Headquarters of General Joseph E. Johnston where on July 18, 1864 the transfer of the command of the Army of Tennessee was made to Gen. John B. Hood.

 


Location : Two markers in front of Mead Paper Company Production Plant - 950 West Marietta Street

 

 

Marker # 1


 

Georgia Historical Commission Marker 060-3 1953

 

Confederate Army Command Changed

Near here the command and tactics of the Confederate Army were changed July 18, 1864.

Gen. William Techumseh Sherman had been trying for months to force Gen. Joseph E. Johnston (Confederate General) to abandon delaying tactics and force overwhelming odds in open battle. Gen. John Bell Hood took command of the Confederate Army on the above date and daringly went out to meet the Union forces. Atlanta fell after bitter fighting. There are 55 original Confederate cannon balls in the adjacent U.D.C. marker.

 

 

 

Marker # 2 -a pyramid of 55 Confederate cannon balls on concrete base


 

United Daughters of the Confederacy Marker

Headquarters of General Joseph E. Johnston where on July 18, 1864 the transfer of the command of the Army of Tennessee was made to Gen. John B. Hood.

Atlanta Chapter

Restored by Mead Paper Co. 1953

Restored by Mead Containerboard 1996


 

Through the eyes of Sara Huff "My 80 Years in Atlanta" pages 19-20 who lived on the hill above Gen. Johnstons Headquarters and Marietta Street:

The roar of a big army in motion is different from other noises in that many sounds combine to make a big racket. Cavalry, infantry, artillery, noise of wagon trains, giving of commands by officers, cracking of whips by wagon drivers, stepping of thousands of men in unison, and the tramping of thousands of horses, and mules is like pandemonium let loose.

For two days we spent most of each day at the front gate looking and listening while 45,000 Confederate soldiers marched by on Marietta Street, just across the railroad and the valley from Huff House.

General Johnston came several days in advance of his army and established headquarters in the Dextor Niles home, within a quarter of a mile of our house. Mr. Niles had already rushed his 300 slaves to a far-away island market, sold them and returned to his former home in Boston, Massachuetts.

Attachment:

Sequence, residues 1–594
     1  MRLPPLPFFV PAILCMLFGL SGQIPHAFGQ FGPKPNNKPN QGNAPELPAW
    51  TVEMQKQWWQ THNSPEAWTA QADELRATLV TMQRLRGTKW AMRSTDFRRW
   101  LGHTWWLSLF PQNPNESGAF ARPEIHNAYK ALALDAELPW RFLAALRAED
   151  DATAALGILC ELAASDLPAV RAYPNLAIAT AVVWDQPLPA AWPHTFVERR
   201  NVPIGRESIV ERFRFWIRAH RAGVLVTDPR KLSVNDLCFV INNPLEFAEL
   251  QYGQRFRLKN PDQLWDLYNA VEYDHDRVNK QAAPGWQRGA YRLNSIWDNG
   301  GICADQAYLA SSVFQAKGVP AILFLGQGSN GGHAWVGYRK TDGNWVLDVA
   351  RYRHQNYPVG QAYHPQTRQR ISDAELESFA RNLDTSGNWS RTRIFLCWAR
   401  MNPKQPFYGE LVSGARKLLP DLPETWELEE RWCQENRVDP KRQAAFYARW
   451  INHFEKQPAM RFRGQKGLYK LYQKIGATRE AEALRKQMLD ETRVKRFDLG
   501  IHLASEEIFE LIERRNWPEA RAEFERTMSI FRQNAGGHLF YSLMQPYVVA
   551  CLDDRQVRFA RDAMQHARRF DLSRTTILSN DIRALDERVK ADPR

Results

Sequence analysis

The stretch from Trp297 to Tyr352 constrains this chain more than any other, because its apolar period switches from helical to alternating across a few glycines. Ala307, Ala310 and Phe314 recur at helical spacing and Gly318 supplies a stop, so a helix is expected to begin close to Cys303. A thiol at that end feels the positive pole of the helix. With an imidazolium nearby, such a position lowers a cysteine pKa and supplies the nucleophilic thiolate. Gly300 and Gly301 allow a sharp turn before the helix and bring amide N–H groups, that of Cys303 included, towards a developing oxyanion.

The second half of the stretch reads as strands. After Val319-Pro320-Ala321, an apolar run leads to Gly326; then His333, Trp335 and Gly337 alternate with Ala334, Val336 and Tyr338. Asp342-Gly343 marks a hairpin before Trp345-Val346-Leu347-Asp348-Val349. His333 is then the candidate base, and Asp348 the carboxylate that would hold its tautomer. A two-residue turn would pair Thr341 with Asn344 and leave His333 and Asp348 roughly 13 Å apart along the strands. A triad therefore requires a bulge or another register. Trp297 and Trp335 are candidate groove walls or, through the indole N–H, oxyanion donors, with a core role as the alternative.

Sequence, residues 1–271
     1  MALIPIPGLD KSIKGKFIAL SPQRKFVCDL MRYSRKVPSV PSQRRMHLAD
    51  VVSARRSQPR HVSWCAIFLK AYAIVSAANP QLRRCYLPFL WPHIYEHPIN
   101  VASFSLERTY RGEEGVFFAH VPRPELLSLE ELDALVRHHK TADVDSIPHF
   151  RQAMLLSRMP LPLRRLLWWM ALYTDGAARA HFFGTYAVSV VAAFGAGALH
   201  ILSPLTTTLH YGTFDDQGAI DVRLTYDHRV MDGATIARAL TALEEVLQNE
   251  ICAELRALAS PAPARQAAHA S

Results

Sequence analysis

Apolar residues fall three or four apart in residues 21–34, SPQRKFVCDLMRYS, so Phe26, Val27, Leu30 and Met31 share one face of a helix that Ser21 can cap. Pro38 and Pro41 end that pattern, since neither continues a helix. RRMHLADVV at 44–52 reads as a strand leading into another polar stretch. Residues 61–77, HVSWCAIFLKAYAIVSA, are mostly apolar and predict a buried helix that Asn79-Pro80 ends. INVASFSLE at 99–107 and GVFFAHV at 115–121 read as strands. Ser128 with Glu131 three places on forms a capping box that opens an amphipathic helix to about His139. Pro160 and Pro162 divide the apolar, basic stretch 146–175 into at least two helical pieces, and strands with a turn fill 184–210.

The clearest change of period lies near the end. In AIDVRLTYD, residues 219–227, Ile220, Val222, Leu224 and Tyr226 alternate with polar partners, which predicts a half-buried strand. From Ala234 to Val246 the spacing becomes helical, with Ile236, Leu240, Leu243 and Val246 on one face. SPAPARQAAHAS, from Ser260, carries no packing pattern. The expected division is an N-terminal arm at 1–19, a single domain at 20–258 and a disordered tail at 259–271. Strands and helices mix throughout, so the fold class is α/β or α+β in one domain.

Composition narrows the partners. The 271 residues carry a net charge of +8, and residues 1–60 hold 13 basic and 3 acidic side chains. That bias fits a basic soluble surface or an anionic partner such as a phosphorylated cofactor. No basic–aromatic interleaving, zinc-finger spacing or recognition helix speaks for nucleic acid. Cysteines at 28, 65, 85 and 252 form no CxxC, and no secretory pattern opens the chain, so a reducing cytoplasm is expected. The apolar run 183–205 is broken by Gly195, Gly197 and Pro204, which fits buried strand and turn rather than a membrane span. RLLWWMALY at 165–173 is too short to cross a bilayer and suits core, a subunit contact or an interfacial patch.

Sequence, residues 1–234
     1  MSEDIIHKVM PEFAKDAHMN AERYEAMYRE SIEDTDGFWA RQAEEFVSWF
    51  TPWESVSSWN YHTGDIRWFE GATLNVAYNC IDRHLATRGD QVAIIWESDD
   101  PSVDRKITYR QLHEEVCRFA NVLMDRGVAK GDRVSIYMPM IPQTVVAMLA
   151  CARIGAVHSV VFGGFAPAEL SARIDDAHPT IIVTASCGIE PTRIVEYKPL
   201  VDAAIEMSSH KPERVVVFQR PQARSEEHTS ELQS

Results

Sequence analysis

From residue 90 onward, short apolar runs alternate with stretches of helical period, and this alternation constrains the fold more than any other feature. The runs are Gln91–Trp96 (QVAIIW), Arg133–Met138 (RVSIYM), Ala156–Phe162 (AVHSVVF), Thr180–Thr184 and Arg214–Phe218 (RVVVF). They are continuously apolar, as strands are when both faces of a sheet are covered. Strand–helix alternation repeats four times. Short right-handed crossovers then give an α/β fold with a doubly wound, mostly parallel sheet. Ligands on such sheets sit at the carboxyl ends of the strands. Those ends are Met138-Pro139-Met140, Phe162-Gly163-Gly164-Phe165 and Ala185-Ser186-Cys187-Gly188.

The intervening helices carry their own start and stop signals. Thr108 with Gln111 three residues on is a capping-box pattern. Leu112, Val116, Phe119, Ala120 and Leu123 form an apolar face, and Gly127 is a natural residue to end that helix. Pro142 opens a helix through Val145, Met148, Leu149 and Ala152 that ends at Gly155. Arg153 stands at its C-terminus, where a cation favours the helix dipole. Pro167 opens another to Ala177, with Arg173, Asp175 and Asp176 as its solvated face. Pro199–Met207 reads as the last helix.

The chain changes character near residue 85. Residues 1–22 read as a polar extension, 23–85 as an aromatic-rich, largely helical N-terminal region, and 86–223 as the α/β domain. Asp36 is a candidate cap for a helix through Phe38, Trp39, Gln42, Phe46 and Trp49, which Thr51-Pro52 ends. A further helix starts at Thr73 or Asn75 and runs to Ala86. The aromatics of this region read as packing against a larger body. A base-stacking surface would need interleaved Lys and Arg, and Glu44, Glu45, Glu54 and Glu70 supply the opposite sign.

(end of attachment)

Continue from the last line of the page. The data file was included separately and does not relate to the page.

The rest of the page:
On the night of July 17, 1864, a great historical drama was staged at the general's headquarters. The soldiers, who were sitting with mother on her front porch, or strolling through the yards and gardens, had told mother that something extremely important was impending.

This occasion, known in history as "The Transfer," came right home to mother and me, out on our front porch. Mother, a lover of music, said that the music of the military bands on that brilliant moonlight night was the sweetest she ever heard. I, who stood by mother's chair, have always thought of that lovely moonlight night whenever I have heard music on a beautiful summer evening.

Pathos was furnished by the weeping and angry soldiers, as they strolled about mother's front yard, and told her and each other of the despair they felt on account of the approaching discharge of their idolized commander, General Joseph E. Johnston.

The music over the way became more lively, and mingled with strains of "Dixie" came the rhythmic sound of dancing feet. The wives and lady friends of some of the officers were visiting headquarters and, as is usual with army people, even if comes a Waterloo tomorrow, there is a sound of revelry by night.

At midnight when the old Atlanta watchman's voice rang out: "Twelve o'clock, and all's well!" the clear-hearing statesmen of the Southland heard the doombells ringing the death-knell of the Southern Confederacy.

Sara Huff's home & book

General Joseph E. Johnston, C.S.A. Joe Johnston-http://www.geocities.com/Pentagon/1167/jo_main.html

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More background of Civil War activity -"The Campaign for Atlanta"